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Pork-a-Holics Love Social Aspect of Barbecue

Pork-a-Holics’ leader Michael Pope said he learned his barbecue techniques watching his father grill various meats for fund raisers to support his son’s school, including barbecuing Boston butts or chicken.

Pope developed an appreciation for the pastime at his father’s knee and later a passion. For the last 19 years Pope and his now expanded team of grillers suffer the December cold and the wind, the long hours getting ready for the event and cooking for hundreds of people who descend on the Kansas City Barbecue competition, as part of the Christmas on the River event. Pope said it’s all for the food, the fellowship and just plain fun.

“It’s become a social event,” Pope said. “We tend to have a good time. It’s kind of like a block party.”

The winning of the competition doesn’t drive Pope and his team and some years they don’t even offer an entry, though they have plenty of ribbons to prove their skills with ribs and sauce and other mouth-watering delectables.

Although there is no competition category for them, these Pork-a-Holics are best known for their dove filets. “They’re wonderful,” Pope said. “We probably cooked 400 dove filets this year, but we have a little of everything.” Pope’s team didn’t enter as a “Professional” this year. Instead, the Pork-a-Holics were “backyard grillers” with the right to have their famous ribs and sauce judged.

Friday, the team spent some time mingling with people they’ve known for years and meeting out of town competitors, along with setting everything up for the night time social, not to mention the cooking and eating. Pope’s wife, Donna, spent that day running errands for the team and bringing the couple’s children to the event after school. For many at the annual barbecue, it is a family affair that runs long into the night before Saturday’s judging takes place.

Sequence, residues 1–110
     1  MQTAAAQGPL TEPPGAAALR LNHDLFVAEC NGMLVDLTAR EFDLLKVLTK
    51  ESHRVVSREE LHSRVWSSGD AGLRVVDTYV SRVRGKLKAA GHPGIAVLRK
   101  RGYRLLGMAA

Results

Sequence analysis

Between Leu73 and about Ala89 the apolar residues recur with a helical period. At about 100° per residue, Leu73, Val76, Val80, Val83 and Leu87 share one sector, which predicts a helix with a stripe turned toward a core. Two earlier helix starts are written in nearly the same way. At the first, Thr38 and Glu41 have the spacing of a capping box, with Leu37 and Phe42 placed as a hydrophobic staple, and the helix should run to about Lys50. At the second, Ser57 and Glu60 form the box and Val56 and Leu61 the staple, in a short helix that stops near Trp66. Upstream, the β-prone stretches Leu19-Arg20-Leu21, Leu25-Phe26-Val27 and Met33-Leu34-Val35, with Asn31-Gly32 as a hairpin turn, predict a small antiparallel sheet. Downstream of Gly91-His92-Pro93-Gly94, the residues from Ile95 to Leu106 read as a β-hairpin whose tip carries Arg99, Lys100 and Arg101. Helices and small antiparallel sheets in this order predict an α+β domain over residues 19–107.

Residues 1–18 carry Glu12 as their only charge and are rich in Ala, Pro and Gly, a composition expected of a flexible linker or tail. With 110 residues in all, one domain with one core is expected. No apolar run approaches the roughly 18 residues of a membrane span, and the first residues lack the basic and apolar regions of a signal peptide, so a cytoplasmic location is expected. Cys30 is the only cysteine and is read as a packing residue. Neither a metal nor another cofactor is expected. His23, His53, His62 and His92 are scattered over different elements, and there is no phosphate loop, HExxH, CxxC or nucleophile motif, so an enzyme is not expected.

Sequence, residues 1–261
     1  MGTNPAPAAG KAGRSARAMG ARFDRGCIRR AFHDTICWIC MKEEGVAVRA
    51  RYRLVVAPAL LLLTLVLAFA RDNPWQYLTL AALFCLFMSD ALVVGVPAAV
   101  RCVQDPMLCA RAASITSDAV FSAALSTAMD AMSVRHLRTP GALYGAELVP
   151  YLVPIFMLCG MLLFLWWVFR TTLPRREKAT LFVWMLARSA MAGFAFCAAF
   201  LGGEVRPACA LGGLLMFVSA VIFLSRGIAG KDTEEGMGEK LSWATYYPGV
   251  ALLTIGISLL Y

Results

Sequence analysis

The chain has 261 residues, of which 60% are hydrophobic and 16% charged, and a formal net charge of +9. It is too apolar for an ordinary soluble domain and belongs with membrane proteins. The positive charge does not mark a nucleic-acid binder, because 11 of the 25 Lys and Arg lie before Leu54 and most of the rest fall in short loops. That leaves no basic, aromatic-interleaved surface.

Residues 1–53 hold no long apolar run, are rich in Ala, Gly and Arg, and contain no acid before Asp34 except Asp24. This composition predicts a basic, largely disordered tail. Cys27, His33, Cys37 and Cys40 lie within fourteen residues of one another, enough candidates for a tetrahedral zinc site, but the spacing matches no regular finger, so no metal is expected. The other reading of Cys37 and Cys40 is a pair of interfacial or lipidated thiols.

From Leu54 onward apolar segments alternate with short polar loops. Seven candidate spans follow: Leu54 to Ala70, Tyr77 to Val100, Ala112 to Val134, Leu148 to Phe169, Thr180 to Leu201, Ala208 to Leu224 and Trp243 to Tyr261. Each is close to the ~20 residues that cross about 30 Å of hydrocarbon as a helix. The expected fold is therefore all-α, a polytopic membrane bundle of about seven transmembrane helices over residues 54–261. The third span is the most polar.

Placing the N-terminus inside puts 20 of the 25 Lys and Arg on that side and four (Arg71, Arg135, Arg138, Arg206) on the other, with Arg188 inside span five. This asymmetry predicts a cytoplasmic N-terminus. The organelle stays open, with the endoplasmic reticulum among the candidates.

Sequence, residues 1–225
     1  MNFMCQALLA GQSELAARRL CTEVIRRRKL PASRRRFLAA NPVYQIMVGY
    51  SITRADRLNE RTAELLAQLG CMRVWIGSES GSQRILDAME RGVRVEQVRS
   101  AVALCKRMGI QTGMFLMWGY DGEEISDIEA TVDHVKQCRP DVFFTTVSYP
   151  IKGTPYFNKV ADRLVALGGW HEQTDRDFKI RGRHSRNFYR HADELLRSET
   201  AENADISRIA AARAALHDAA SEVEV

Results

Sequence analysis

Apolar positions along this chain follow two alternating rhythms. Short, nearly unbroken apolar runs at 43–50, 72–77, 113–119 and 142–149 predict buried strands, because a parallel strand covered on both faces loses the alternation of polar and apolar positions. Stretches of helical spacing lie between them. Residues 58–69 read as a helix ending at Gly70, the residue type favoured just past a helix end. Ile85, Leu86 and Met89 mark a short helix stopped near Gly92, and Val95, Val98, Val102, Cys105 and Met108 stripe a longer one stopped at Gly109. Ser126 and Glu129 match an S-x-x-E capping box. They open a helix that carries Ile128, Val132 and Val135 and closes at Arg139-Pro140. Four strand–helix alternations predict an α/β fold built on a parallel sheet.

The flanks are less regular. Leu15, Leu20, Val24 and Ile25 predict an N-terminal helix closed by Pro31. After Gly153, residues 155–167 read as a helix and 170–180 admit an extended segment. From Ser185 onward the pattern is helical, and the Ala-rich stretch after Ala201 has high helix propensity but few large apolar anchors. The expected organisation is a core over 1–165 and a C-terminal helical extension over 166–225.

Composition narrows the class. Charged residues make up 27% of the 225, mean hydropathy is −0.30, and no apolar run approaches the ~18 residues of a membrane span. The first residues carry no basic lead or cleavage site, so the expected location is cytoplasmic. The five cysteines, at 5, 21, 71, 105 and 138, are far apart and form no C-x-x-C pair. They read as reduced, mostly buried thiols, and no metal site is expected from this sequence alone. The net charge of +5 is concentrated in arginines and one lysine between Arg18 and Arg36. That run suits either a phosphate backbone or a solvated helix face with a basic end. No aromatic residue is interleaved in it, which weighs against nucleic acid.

Pope said the professionals who are serious competitors stay up all night cooking their entries, and while some may mingle and socialize for a time, their focus is on their entries and guarding trade secrets. “While we’re here for the socialization, there are people who are very protective of their methods,” Pope said, leaning on his hand-built grill that he has used for years.

Some of the barbecue rigs at the Kansas City Barbecue competition can cost upwards of $30,000. Pope said he might have around $200 tied up in his grill.

“Everybody here has a different goal,” Pope said. “We’re about the social aspect, but some are promoting their businesses or catering to vendors. People like Rock Tenn and Alabama Power are here for their employees. Then, there are the serious competitors. ”

One of Pope’s teammates, Jeff Boutwell, said, “For most of the locals, it’s the party of the year.” And that party might last until 1 a.m. on Saturday before the judges make their selections, usually around 1 p.m.

Pope and his local team enjoy this COTR occasion. He has been involved in some fashion since he was 11 years old. “When I was 11 I was holding a goat on Jim Bird’s nativity scene during the night parade,” Pope said, grinning. “I did the river parade for years, but I’ve transitioned from the water to dry land.”

At the same time, he has become renowned for his barbecue and the hospitality he offers during the COTR barbecue party.

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